Ever since The King’s Speech, I’ve wanted to get my eyeballs on movies with Colin Firth. I saw a dandy two nights ago.
Painstakingly, brilliantly designed and filmed to achieve total immersion into the year 1962 (think Mad Men), the story grabs you by the throat and shakes you around a bit from the get-go. George Falconer (Firth), a Brit teaching English in Los Angeles, has just been told that his friend (and the love of his life), Jim, was killed in a car crash. He is so completely broken and lost, he decides to get his affairs in order and kill himself.
Many times, in strong lead-character movies like this, the lead runs roughshod over the lesser characters, leaving them grasping for recognition in slim scenes that were obviously written to bolster the headliner. Not so in this film. Julianne Moore, who plays Falconer’s drunken and sad BFF, doesn’t need to overdo it in her limited scenes. She is both beautiful and revolting, clinging desperately to the fond memory of a man she knows she can never have. Does a darn fine British accent, too.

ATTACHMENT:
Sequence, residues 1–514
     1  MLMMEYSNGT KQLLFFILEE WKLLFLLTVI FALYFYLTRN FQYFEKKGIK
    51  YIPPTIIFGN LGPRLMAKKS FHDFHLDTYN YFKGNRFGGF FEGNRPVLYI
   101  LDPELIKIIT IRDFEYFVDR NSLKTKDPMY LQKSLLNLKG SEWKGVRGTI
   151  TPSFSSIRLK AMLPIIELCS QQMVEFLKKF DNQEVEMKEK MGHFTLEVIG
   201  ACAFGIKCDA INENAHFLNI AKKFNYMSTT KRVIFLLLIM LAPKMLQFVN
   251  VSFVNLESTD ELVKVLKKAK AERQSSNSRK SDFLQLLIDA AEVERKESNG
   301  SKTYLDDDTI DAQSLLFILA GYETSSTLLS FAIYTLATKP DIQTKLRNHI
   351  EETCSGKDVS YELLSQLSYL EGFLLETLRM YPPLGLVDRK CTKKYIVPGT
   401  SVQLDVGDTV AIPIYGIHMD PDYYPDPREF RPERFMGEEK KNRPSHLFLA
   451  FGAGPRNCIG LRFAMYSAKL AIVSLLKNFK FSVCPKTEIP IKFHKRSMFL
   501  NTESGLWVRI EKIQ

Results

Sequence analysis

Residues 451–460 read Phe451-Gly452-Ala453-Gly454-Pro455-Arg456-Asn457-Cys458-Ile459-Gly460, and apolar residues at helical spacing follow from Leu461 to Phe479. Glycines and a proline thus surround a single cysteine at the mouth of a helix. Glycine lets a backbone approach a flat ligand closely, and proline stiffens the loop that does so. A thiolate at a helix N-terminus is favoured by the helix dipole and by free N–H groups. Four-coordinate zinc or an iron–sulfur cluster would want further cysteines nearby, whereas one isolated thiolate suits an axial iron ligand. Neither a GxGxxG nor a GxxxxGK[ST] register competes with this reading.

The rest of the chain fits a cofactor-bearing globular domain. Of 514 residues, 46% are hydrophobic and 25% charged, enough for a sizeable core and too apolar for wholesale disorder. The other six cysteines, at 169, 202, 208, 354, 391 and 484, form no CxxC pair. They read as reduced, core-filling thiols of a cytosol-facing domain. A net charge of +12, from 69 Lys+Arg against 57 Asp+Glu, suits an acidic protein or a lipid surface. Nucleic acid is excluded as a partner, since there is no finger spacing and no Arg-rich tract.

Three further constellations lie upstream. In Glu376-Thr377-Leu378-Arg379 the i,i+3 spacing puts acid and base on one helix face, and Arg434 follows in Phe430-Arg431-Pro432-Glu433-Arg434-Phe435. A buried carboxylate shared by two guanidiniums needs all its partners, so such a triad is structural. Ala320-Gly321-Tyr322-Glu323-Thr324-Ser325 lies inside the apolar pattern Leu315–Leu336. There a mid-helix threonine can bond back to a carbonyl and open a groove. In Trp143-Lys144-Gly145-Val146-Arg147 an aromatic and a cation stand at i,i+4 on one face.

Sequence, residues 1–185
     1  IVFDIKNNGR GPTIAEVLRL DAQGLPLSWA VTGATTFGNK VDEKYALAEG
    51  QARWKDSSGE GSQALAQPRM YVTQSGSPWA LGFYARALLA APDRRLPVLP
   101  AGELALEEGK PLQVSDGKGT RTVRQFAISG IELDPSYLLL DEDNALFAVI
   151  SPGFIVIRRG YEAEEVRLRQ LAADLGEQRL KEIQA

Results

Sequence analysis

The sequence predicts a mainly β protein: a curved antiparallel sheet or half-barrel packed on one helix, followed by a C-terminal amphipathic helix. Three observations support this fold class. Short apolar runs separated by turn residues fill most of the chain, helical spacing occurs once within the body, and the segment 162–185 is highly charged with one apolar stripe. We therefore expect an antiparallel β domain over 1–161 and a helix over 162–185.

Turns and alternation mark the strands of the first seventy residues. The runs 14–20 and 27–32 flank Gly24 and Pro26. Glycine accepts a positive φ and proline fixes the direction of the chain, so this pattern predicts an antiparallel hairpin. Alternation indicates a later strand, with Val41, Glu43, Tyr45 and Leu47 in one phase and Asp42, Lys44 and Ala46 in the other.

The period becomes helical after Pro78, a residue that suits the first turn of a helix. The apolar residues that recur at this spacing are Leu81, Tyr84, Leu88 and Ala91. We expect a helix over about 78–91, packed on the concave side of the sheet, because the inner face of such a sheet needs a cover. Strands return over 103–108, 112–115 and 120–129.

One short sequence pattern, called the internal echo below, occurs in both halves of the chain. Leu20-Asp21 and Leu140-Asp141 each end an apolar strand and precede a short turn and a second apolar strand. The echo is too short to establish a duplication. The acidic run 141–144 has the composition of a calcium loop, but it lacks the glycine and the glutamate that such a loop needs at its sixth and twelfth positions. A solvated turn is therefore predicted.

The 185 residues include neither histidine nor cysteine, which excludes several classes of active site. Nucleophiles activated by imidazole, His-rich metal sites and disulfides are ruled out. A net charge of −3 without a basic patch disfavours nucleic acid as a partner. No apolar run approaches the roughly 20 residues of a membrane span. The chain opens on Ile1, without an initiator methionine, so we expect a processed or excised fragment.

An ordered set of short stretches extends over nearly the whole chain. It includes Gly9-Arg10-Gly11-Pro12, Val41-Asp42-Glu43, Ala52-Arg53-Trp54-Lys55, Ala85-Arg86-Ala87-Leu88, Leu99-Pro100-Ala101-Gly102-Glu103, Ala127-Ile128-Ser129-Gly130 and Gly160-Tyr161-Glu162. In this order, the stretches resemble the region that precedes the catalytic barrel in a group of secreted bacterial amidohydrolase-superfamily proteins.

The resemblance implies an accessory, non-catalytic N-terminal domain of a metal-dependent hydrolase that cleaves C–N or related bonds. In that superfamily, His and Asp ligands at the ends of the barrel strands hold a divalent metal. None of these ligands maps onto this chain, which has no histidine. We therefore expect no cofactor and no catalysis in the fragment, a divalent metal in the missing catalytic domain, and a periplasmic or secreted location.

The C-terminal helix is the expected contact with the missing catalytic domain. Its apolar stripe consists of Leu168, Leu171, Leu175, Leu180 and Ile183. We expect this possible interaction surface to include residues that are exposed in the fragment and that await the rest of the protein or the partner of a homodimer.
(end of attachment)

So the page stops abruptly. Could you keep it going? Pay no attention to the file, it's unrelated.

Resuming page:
Director Tom Ford allows us to assume that homosexuality in the early 60s was taboo. He never makes a big deal about it, which in my mind would trivialize and stereotype it. In other words, he respects the viewer’s intelligence. This isn’t a film about a gay man; it’s a film about a man. We know the hell that gay people were put through back then if they were outed. Ford took that private pain and tripled it for George, leaving him to suffer the ultimate tragedy in complete silence. The scene where he receives the phone call notifying him of Jim’s death is heartbreaking. Imagine having your world fall apart and have to come across to a stranger on the phone, “Oh, my, that’s terrible. I’m so sorry to hear that.”
If you’re in the mood to see some powerful acting (Firth won Best Actor for the role at the Venice Film Festival in 2010), spot-on period costumes, hair and sets, and a completely believable, real story, get thee to the vid store or Netflix. I promise it’ll be worth it.
On the Rat-O-Meter scale of five cheeses, I give A Single Man: